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March 29, 2023
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The Cuban collapse without a name or surname

The Guardian, Cuba, El colapso cubano

MIAMI, United States. – From my table in the busy Floridita restaurant in the Westchester neighborhood of Miami, I observe scenes of the happiness of my compatriots.

It is an unpretentious place, with good food, almost always organic. The owners are a couple of Cuban origin. Miguel, the kind host of the restaurant, he is also a compatriot, as well as Raúl, a friend that many require for his careful service and charisma.

There are new young waiters, without a doubt from the most recent batches coming from the Island who dispense impeccable attention in their treatment and conversation.

Very close to our table a celebration takes place. Nine people, members of the same family, do not stop talking and laughing. Happy to be together on a day that seems special. All impeccably dressed. The girls on magazine covers, the unruly children and the elders proud of their legacy, around the banquet they deserve to celebrate.

That’s the idea of ​​a weekend. Together, decent, hopeful, fun. Not a few of the attendees only know of the nightmare left behind by the narratives of the victims.

In the modest and comfortable space of the Floridita, a sort of microcosm is reproduced every Saturday and Sunday, the success of Cubans when they are not limited by the repression of an inappropriate, meaningless ideology.

For a long time, left-wing organizations, leaders and intellectuals have prioritized the political details of Cubans over their rights and family concerns.

They have demanded that they entrench themselves in the revolutionary dunghill to save the totally failed chimera, without taking into account the immeasurable sacrifices of such folly.

The veteran English newspaper Guardiana spokesman for the left since the 19th century, has just given in to the devastating evidence and has published a dazzling-in-its-misery photo essay titled “The Cuban Collapse”.

Although, yes, they arrive very late to disappointment, after so much mistreatment, exodus, crimes, jails and other excesses recorded in a diversity of audiovisuals.

From the popular “ICAIC Newscasts”, when the director José Padrón bravely inserted the camera into the sore spot of the Havana landslide, going through foreign filmmakers who early revealed to the world the ineffectiveness of Castro as havanaby Jana Bokova The new art of making ruins, by Florian Borchmeyer and Cuban 111directed by Dirk Vandersypen, to the glorious filmography of the young independent cinema of the Island where they appear, among other zenithal incursions on settlers in the urban end as Looking for you Havanaby Alina Rodriguez the single bedsby Sandra Ramos and Elenaby Marcelo Martín, which contain sufficient arguments to discredit Castro’s disinterest in his “forgotten”.

the trial of Guardiandue to the dramatic and morbid photos by Manu Mitru and Jordi Otix, with texts by Laura Luque and David Melero, refers to urban collapse as a metaphor for an epic failure, with no solution in sight.

Each photo tells an aberrational story of human beings -usually black people-, in hellish settings. Sadly, the misadventure remains photogenic.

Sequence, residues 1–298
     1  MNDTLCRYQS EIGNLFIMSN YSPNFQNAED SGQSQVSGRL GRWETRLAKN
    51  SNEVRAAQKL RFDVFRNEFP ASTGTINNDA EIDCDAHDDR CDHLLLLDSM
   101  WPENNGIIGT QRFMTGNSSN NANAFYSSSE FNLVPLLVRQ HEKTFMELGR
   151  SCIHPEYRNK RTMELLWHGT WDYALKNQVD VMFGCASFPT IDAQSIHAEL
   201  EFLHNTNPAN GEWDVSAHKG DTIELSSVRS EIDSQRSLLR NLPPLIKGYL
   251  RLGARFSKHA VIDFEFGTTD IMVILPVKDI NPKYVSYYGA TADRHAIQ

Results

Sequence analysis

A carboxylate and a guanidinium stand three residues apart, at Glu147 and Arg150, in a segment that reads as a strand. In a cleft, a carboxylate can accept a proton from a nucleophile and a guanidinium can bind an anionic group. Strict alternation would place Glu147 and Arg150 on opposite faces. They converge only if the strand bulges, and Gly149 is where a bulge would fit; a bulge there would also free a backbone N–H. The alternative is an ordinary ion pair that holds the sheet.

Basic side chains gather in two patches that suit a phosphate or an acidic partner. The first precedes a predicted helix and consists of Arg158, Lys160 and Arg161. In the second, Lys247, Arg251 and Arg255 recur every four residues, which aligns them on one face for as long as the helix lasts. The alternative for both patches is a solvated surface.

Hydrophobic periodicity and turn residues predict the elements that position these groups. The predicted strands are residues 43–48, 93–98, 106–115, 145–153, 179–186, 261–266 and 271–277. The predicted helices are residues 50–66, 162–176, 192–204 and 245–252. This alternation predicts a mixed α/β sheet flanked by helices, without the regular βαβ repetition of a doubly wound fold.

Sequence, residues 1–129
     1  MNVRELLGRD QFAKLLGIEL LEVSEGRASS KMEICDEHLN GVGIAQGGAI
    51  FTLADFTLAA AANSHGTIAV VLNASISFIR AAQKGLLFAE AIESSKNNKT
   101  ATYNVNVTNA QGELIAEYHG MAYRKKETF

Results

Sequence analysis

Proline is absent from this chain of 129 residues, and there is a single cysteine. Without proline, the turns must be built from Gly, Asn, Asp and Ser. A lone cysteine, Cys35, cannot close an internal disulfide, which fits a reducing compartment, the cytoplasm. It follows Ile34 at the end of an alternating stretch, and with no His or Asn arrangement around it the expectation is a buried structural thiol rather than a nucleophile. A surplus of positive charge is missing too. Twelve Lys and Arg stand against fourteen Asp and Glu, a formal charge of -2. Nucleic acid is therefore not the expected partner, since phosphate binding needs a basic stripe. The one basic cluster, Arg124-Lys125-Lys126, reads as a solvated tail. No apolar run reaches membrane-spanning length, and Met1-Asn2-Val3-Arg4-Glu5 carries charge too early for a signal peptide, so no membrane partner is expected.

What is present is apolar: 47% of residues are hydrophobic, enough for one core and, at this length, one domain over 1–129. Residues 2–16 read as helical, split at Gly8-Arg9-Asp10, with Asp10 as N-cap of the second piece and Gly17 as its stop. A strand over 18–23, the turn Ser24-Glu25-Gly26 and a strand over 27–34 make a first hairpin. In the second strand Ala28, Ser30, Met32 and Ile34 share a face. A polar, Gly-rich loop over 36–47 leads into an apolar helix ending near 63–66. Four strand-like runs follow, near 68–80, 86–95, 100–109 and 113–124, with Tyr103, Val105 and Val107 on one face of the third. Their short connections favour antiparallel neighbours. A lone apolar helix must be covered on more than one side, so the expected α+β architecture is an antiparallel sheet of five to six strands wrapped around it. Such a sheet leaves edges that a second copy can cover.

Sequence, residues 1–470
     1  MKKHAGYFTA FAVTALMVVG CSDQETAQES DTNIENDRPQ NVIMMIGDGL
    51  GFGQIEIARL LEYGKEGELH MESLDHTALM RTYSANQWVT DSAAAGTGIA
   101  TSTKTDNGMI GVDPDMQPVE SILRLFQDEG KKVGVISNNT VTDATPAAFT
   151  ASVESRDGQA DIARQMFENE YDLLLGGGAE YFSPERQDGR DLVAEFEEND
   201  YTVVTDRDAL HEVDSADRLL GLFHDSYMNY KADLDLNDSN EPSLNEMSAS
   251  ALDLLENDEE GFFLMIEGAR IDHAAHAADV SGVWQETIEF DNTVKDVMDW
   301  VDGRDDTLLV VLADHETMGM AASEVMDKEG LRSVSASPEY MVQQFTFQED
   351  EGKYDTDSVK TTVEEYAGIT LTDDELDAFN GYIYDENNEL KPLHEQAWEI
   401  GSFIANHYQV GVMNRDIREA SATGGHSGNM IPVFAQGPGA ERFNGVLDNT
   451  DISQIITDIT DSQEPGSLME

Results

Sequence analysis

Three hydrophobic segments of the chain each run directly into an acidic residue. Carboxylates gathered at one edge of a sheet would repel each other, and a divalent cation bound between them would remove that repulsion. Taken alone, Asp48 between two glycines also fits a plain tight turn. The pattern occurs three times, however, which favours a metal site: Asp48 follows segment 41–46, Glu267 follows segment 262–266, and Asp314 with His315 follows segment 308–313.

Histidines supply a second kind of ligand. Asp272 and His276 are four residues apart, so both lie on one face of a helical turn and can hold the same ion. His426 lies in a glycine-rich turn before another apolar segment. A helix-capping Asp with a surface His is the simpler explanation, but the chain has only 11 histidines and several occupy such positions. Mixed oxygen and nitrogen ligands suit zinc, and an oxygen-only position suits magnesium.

The essay attributes the debacle to inflation, the embargo and mismanagement by the regime. It focuses on the housing crisis, customary landslides and their consequences, as well as the so-called “shelters”, a palliative to the total shortage of places to live.

It reveals new circumstances that express the indifference of the dictatorship towards those in need as well as the priority of its financial interests. The land of demolished properties is used to build luxury hotels.

Of course, no mention is made of the fact that foreign hotel companies are profiting from belongings that have been seized from their owners, without being fairly compensated.

For The Guardian, The voices in this report differ from the image of “a Caribbean paradise”, they are lives in dilapidated buildings, among rats, bedbugs, cockroaches and humidity that constantly suffer from electricity and water cuts and have limited purchasing power.

There are traumatized children and a pregnant woman who had to go to a medical emergency when a cockroach entered her ear while she was sleeping.

Debris is thrown out the windows and mitigation promises remain unfulfilled.

It works, yes, a network of construction materials in the black bag. Meanwhile, the people who go to the ruins to dig and sell what can be used are called “termites”.

Today’s inhospitable shelters make it seem like those described by José Padrón in his ICAIC newscast from the 1980s, like guest houses so popular during the Republic.

The housing crisis ―reports The Guardian― is particularly serious in Havana, the most densely populated province on the Island. According to official statistics, it has 185,348 properties in terrible condition, of which 83,879 are in need of partial repairs and 46,158 of major renovations. Another 43,854 homes are needed for victims of previous landslides residing in state shelters, as well as another 11,458, due to population growth.

In a disclaimer accompanying the articles that appeared in the newspaper, says Betsy Reed, the editor of Guardianthat when they report on an issue such as climate change, they are not afraid to name the person responsible.

In the case that concerns us ―“The Cuban collapse”―, they seem to have forgotten a single name ―Castroism― to summarize all the guilt of the historical monstrosity that adds up to 64 years of agony for the Cuban people.

The opinions expressed in this article are the sole responsibility of the person who issues them and do not necessarily represent the opinion of CubaNet.

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